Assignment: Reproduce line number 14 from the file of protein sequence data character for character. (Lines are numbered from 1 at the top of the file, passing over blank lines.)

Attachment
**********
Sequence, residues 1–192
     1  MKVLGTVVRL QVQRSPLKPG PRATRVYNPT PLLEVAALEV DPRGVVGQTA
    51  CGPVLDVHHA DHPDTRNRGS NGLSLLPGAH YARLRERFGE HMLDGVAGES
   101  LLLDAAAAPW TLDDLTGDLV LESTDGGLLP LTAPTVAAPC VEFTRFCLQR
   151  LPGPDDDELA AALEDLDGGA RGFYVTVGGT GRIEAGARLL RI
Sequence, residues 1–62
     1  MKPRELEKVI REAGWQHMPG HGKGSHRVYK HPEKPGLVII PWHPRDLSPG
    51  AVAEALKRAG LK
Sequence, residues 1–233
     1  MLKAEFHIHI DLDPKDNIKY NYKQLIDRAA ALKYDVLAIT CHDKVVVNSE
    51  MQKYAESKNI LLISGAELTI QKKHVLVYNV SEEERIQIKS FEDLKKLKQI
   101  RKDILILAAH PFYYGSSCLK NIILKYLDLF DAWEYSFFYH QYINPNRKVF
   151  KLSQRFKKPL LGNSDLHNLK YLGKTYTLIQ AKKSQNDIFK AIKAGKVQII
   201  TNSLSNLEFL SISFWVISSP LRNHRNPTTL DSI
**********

   201  TNSLSNLEFL SISFWVISSP LRNHRNPTTL DSI